After 265 pages of pleadings, motions and memoranda had accumulated in the files of the District Court and discovery had been had, a pre-trial conference was held in June, 1965; here, apparently for the first time, Wm. Spencer challenged the court's jurisdiction on the basis that Santo La Capria had been a resident of New York when the suit was brought. Some fifteen months later the administrator moved for leave to amend the complaint to identify it as in admiralty under F.R.Civ.P. 9(h) and to transfer the action to a non-jury calendar. A rather muddy moving affidavit claimed that although Santo was a resident of New York at the date of the accident and also of his death, he had resided in New Jersey for a short period when the action was brought but expressed apprehension whether there was jurisdiction over the death claim under 28 U.S.C. § 1332. Wm. Spencer's attorney responded with the argument, rather inconsistent with its previous position of lack of jurisdiction under the diversity statute, that all this was a pretense on the part of plaintiff to avoid a jury trial; it relied on the principle that once diversity jurisdiction has attached, a subsequent change in citizenship does not destroy it. See Wright, Federal Courts § 28 (1963). Compagnie Maritime Belge supported plaintiff's motion, stating its belief that plaintiff had some real cause for worry both about Santo's citizenship in 1962 and over the death claim, which it thought would be regarded as a separate claim not cognizable under § 1332(a) (2) because of the presence of aliens on both sides.1 Finding that "as presented by either side the diversity issue is not factually convincing," Judge Cooper denied the motion "without prejudice to renewal at the proper time." When plaintiff immediately renewed the motion on somewhat fuller papers, which the judge regarded as containing "persuasive evidence that this Court lacks diversity jurisdiction," he granted the motion. Amended pleadings were served, bringing the file to the impressive total of 369 pages; Wm. Spencer appealed; and plaintiff, with the continued assent of Compagnie Maritime Belge, moved to dismiss for want of appellate jurisdiction.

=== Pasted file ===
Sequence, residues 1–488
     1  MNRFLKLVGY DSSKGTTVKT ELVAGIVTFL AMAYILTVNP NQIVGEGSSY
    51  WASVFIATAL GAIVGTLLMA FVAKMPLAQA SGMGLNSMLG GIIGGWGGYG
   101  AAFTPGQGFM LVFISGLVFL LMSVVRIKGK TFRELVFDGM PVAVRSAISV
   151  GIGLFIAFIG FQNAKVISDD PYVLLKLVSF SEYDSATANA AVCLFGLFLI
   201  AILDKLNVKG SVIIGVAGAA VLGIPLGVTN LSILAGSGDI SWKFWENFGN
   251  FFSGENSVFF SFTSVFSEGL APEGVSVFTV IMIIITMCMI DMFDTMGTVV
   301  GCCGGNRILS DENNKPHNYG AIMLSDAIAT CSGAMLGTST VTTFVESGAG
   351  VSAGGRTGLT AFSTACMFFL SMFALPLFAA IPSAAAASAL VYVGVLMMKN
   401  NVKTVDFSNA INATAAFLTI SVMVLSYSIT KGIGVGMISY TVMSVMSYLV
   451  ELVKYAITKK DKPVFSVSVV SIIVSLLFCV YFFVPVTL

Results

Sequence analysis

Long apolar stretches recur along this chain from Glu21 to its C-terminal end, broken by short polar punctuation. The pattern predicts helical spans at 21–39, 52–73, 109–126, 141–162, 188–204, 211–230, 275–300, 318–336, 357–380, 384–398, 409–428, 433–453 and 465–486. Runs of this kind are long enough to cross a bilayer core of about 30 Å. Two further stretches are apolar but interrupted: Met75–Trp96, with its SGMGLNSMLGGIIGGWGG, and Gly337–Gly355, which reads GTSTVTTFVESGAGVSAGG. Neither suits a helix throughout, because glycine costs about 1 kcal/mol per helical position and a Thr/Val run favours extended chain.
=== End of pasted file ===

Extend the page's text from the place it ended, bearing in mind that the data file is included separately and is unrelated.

No discussion is required to show that the order appealed from is neither a final decision under 28 U.S.C. § 1291 nor an interlocutory decree "determining the rights and liabilities of the parties to admiralty cases in which appeals from final decrees are allowed," 28 U.S.C. § 1292(a) (3), see In re Wills Lines, Inc., 227 F.2d 509 (2 Cir. 1955), cert. denied, Tankport Terminals Inc., v. Wills Lines, 351 U.S. 917, 76 S.Ct. 709, 100 L.Ed. 1450 (1956). Hence the only possible basis for jurisdiction in this court is that the district judge enjoined proceedings on the "law side" and directed them on the "admiralty side," thereby making an interlocutory injunctive order within 28 U.S.C. § 1292 (a) (1). So, appellant argues, Modin v. Matson Navigation Co., 128 F.2d 194 (9 Cir. 1942), held, on the authority of Enelow v. New York Life Ins. Co., 293 U.S. 379, 55 S.Ct. 310, 79 L.Ed. 440 (1935). But Enelow, its companion, Shanferoke Coal & Supply Corp. v. Westchester Service Corp., 293 U.S. 449, 55 S.Ct. 313, 79 L.Ed. 583 (1935), decided the same day, and their progeny, notably Ettelson v. Metropolitan Life Ins. Co., 317 U.S. 188, 63 S.Ct. 163, 87 L.Ed. 176 (1942), were cases where a judge was thought to have acted as a chancellor and to have enjoined proceedings at law because of an equitable defense or a claim for arbitration — the kind of action that an equity court might have taken when law and equity were separate, see 293 U.S. at 381-382, 55 S.Ct. 310. These well-known and much debated decisions did not present a situation where the judge merely held he might be without jurisdiction "at law" because of lack of diversity and could proceed only by availing himself of his jurisdiction in admiralty, the only practical effect being to eliminate jury trial.